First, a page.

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Re: #430 / #268 - definition of "public"

From: David Morris <dwm@xpasc.com>
Date: Wed, 30 Jan 2013 19:12:19 -0800 (PST)
To: "Roy T. Fielding" <fielding@gbiv.com>
cc: HTTP Working Group <ietf-http-wg@w3.org>
Message-ID: <alpine.LRH.2.01.1301301904250.31030@egate.xpasc.com>

On Wed, 30 Jan 2013, Roy T. Fielding wrote:

> Neither of which is relevant to this discussion of cache control. It is
> not the recipients job to second guess the origin server.

In this case, the origin server didn't tell the recipient what to do.
The only sane handling of an error is to minimize possible damage. Damage
from caching something which shouldn't be cached is that private
content will be revealed to an unauthorized recipient. Caching is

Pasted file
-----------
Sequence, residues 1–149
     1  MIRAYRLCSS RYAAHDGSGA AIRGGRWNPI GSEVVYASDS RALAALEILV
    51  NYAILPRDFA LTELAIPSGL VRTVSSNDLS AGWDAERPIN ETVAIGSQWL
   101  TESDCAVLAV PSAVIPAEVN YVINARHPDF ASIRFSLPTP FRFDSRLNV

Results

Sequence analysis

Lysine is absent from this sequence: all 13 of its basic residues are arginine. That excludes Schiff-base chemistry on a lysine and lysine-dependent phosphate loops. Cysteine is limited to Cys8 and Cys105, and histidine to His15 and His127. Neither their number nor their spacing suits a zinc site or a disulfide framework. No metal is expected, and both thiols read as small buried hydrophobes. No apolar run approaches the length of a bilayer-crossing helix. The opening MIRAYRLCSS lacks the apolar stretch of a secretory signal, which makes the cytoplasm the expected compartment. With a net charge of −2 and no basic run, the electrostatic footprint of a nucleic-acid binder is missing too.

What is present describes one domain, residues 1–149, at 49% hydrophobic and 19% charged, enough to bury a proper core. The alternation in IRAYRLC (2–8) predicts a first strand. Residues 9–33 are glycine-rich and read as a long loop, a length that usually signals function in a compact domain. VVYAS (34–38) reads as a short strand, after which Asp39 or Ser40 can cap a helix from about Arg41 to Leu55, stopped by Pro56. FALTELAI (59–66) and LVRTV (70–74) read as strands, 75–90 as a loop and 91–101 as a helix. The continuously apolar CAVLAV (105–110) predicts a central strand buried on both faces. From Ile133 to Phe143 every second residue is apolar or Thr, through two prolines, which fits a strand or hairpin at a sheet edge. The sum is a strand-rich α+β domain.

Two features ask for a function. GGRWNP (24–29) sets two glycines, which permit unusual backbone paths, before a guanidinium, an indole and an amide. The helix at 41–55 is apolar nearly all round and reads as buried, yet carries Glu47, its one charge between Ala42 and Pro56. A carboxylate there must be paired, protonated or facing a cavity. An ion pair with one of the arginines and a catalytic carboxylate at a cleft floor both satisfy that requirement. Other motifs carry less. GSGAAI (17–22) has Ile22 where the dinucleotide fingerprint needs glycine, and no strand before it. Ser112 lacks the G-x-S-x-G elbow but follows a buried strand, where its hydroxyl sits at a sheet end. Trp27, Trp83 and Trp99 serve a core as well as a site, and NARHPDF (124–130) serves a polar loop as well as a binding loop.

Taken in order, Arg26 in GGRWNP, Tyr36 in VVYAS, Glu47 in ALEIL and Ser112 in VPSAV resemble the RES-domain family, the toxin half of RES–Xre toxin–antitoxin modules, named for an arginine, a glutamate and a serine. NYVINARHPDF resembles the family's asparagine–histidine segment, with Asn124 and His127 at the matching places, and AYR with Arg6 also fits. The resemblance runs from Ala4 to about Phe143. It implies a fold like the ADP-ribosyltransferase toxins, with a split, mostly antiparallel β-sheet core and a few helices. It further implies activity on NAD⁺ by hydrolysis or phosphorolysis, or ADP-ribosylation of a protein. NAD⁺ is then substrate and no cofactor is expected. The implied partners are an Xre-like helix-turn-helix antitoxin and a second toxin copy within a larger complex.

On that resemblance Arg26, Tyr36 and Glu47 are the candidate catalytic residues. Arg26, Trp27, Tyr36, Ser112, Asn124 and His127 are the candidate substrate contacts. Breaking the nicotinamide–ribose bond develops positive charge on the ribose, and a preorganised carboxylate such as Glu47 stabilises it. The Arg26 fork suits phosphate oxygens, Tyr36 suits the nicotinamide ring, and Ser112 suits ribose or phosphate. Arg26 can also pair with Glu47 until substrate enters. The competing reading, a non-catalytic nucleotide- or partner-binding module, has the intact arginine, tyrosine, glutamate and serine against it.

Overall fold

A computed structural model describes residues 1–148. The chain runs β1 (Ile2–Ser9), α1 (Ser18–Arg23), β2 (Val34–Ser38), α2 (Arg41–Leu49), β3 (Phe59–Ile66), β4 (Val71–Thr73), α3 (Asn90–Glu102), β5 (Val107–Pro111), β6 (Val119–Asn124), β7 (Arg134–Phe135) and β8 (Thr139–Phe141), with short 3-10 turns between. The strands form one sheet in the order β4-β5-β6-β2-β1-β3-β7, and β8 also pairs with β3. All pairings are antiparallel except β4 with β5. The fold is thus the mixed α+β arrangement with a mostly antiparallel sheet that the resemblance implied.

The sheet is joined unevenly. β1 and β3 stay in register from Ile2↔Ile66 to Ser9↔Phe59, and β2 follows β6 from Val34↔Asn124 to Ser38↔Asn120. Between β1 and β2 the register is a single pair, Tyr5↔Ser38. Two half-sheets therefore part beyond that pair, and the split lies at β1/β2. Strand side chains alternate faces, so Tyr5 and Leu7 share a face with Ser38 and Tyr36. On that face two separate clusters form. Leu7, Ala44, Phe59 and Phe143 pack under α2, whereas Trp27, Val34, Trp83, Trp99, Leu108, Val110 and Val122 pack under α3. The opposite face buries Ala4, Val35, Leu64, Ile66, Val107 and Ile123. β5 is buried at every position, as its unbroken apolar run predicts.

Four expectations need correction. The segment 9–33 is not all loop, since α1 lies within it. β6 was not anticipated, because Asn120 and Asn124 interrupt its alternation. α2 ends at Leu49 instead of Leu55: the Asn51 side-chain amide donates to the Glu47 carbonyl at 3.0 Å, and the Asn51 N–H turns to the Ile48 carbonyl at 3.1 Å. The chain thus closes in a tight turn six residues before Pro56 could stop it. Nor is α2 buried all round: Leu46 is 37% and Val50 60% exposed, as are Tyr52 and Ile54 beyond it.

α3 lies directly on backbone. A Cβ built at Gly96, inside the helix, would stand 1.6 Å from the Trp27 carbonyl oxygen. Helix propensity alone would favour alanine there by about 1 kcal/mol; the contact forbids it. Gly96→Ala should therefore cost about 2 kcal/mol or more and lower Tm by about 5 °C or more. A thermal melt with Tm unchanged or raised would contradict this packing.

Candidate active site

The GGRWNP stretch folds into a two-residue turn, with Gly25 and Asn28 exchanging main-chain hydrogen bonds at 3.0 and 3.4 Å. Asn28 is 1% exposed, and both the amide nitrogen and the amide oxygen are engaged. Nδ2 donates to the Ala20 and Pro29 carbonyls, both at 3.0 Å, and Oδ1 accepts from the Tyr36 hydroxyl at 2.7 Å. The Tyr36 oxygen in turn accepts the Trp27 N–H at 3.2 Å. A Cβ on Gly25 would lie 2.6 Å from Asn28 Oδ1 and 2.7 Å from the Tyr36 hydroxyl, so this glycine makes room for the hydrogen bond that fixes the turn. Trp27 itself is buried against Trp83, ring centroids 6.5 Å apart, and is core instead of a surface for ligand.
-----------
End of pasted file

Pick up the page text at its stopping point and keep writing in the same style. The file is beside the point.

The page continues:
always optional, so not caching something the server thought could
be cached is at most a performance issue. We've expended an enormous
amount of effort with all the rules and support around insuring
correct behavior around caching. Why would be specify conflict
resolution which assumes more relaxed rules?

> ....Roy
> On Jan 30, 2013, at 1:37 PM, David Morris <dwm@xpasc.com> wrote:
> > 
> > 
> > On Wed, 30 Jan 2013, Roy T. Fielding wrote:
> > 
> >> Yes.  Generally speaking, if the origin server puts two mutually
> >> exclusive directives in the same header field, they want the
> >> recipient to apply the most lenient one to which they are fully
> >> compliant (i.e., the same principle we define for extensions).
> >> 
> >> If the origin server doesn't want that, then it doesn't send public.
> >> 
> >> I don't see anything vague about it (at least no more vague than the
> >> concept of caching itself).  And keep in mind that this is only a
> >> MAY for caches: they don't have to cache it; they have permission to.
> > 
> > Ummm ... that interpretation applied to a conflict in a privacy setting
> > makes no sense ... a conflcit regarding privacy and/or security must
> > always be resolved with the most restrictive directive.
> > 
Received on Thursday, 31 January 2013 03:12:50 GMT

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